|Copper Canyon Press, Apr. 2016|
Paperback: 84 pages, $16.00
“Into the Breach,” a poem from the arresting midsection of Ocean Vuong’s Night Sky With Exit Wounds, begins with a curious epigraph. Ventriloquizing Jeffrey Dahmer, the serial killer dubbed the “Milwaukee Cannibal,” the poem suggests that
The only motive that there was was to...keep them with me as long as possible, even if it meant just keeping a part of them.
Dahmer gave this quote when responding to a question about the culpability of his parents in failing to raise him, claiming that his atrocities were his and his alone. Bearing that in mind, we might see “Into the Breach,” a poem concerned with the difficulty of loving another man, as a complex negotiation of the influence the speaker’s parental figures wield, hovering, sometimes at the periphery, sometimes the center, of Vuong’s splendid collection. Indeed, the speaker’s parents have left their fingerprints all over this text, from the anxiety of lineage in this line, from “Notebook Fragments”:
An American soldier fucked a Vietnamese farmgirl. Thus my mother exists. Thus I exist.
to the poem “My Father Writes From Prison,” which begins with untranslated Vietnamese correspondence from the speaker’s own father. Even the book’s dedication, to “mother [& father]” suggests the profound importance of family and parenthood, even as the speaker claims his own identity by extricating himself from their influence throughout the collection. That capacious desire for both connection to and freedom from authoritative structures defines much of the work Vuong’s collection acheives.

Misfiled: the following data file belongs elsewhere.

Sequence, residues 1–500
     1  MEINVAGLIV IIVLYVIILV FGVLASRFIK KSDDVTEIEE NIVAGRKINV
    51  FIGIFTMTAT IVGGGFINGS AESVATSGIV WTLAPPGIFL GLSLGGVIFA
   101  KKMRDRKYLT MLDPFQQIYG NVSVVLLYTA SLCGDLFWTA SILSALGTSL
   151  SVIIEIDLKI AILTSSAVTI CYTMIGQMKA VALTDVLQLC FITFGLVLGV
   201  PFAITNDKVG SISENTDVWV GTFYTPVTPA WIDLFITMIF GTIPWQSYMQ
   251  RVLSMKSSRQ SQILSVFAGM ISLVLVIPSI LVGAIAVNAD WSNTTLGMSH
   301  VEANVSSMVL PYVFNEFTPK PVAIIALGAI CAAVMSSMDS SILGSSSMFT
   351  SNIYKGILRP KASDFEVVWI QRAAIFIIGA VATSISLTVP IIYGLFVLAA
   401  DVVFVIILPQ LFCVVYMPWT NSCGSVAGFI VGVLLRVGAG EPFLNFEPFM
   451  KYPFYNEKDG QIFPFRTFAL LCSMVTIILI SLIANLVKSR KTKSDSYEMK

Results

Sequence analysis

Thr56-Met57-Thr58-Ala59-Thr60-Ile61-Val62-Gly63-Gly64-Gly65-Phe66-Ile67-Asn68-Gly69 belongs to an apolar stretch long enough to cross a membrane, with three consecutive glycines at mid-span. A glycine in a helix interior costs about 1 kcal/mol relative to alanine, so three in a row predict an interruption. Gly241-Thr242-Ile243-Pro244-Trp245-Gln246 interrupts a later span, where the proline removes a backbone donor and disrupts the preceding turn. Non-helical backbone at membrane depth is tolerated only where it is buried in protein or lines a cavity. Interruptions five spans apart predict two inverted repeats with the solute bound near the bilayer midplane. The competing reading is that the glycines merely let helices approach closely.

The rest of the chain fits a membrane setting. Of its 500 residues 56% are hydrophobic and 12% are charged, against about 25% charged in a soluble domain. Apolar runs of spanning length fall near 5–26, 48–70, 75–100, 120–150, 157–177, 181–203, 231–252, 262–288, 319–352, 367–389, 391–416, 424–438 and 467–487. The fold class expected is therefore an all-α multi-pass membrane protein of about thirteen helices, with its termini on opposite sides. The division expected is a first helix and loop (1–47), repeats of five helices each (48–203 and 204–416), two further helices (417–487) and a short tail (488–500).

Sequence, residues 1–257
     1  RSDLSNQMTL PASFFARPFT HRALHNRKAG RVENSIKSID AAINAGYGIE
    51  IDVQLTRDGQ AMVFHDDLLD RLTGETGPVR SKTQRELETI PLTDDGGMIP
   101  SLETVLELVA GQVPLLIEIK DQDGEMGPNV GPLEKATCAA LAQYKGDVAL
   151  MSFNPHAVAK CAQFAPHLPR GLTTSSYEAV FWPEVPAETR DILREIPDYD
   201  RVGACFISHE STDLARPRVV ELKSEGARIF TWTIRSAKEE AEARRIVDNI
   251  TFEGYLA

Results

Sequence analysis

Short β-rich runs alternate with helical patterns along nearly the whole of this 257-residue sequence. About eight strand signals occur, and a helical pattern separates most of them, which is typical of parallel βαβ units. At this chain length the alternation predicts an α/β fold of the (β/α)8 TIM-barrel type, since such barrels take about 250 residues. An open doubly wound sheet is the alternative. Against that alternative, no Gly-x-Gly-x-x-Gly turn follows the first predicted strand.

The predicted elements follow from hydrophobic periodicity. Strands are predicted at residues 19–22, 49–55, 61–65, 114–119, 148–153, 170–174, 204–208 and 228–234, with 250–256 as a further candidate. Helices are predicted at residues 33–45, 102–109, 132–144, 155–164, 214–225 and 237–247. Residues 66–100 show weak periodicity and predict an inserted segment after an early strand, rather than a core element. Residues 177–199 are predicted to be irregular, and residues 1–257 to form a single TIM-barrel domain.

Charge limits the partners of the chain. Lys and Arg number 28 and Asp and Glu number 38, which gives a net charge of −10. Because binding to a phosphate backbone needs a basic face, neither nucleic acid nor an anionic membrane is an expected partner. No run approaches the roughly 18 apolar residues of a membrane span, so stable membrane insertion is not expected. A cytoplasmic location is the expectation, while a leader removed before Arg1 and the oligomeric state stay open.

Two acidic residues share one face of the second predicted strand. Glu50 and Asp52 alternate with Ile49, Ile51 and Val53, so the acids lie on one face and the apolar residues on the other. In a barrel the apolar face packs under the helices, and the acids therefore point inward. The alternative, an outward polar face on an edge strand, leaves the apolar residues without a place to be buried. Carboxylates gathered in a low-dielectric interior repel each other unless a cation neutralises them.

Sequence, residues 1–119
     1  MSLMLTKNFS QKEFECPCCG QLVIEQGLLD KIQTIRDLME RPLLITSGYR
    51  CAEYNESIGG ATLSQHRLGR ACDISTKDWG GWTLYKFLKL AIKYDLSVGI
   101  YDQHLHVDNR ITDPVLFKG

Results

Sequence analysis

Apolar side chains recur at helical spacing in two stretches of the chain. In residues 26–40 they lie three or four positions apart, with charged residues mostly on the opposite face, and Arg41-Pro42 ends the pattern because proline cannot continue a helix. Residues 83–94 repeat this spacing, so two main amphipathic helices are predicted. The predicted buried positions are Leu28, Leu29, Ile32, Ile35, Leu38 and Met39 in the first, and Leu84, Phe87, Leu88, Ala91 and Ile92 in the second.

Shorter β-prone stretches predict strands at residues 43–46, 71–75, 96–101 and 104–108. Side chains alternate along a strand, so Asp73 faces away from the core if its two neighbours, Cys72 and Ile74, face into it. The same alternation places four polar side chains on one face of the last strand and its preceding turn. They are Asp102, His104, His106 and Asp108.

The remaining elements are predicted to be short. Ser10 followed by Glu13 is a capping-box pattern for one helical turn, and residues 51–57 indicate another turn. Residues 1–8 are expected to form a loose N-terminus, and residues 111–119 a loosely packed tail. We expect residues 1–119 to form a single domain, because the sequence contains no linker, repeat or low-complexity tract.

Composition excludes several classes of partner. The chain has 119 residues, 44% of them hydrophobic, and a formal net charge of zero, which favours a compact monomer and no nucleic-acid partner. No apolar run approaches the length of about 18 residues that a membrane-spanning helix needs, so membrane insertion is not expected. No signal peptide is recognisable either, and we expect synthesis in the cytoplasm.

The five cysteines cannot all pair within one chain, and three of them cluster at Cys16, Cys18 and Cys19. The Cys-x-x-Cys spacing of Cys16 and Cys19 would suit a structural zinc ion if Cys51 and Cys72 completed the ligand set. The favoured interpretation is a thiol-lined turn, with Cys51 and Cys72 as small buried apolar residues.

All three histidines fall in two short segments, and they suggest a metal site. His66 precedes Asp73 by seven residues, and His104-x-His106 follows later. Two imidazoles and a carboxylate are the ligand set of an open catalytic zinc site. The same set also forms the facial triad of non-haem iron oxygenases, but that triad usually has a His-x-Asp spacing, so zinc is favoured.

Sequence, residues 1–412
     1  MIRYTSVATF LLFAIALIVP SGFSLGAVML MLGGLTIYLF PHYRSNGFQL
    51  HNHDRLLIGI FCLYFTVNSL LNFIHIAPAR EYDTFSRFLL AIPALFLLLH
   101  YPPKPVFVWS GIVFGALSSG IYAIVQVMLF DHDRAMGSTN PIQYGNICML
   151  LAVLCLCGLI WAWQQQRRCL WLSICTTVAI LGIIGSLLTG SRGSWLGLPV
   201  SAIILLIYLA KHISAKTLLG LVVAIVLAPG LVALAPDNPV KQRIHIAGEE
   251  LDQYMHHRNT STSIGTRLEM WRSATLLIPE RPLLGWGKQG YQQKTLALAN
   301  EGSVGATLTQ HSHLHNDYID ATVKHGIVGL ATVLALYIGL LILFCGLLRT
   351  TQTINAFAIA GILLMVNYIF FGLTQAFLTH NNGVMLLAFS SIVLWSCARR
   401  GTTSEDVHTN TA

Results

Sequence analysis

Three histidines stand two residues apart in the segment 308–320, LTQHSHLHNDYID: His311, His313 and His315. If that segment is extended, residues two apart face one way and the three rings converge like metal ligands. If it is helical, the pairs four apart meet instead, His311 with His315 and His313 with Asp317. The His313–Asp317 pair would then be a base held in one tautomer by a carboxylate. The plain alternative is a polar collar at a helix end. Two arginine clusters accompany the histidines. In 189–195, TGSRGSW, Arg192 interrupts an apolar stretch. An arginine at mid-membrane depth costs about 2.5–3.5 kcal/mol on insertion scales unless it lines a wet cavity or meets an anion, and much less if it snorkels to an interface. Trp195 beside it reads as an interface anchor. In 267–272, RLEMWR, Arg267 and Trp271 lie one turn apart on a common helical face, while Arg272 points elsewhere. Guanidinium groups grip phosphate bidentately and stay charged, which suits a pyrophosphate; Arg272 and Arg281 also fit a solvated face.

If the context of Dahmer’s epigraph provides one of Night Sky’s many preoccupations, its content offers another. Retaining important memories is, in fact, at times Vuong’s chief modus operandi; as with Dahmer, however, this process of enshrinement is often violent and effacing. Two poems in particular demonstrate the violence of memory: “Aubade With Burning City,” which invokes Irving Berlin’s “White Christmas” to soundtrack a depiction of the fall of Saigon during Operation Frequent Wind; and the aforementioned “Notebook Fragments,” which juxtaposes snapshots and observations of a queer man’s adolescence and young adulthood with a history and etymology of the grenade’s use in Vietnam. These poems feature ruthlessly efficient verse, such as “Aubade”’s
Snow scraping against the windows. Snow shredded
with gunfire. Red sky.
The poem’s emotional force crescendos each time Vuong interjects lyrics from “White Christmas” into the carnage of a besieged city, while its distinct occupation with girls’ dresses foregrounds the sexual violence that ends the poem:
Open, he says.
“Notebook Fragments,” though it retains a degree of the horrific violence from the poem above, maneuvers sexuality as a vexing, if not damning thing. Here the speaker recalls an encounter:
I met a man, not you. In his room the Bibles shook on the shelf
from candlelight. His scrotum a bruised fruit. I kissed it
lightly, the way one might kiss a grenade
before hurling it right into the night’s mouth.
This poem, appearing near the end of the collection, still links sexual acts with the violence of war, but does so with a degree of tenderness, privileging the stretch of time that precedes destruction. These quieter moments are equally worthy of our memory. The end of the poem conjures an image of Nguyễn Chí Thiện, Vietnamese poet and dissident who spent twenty-seven years in prison, and who committed all of his poetry to memory after his manuscripts were burned. Perhaps that’s the greatest accomplishment of Ocean Vuong’s Night Sky With Exit Wounds; despite impediment or impingement, these are poems that want, and want you, to remember.
Born in Saigon, Vietnam, Ocean Vuong lives in New York City.
Alex Howerton is a PhD Candidate at the University of South Carolina.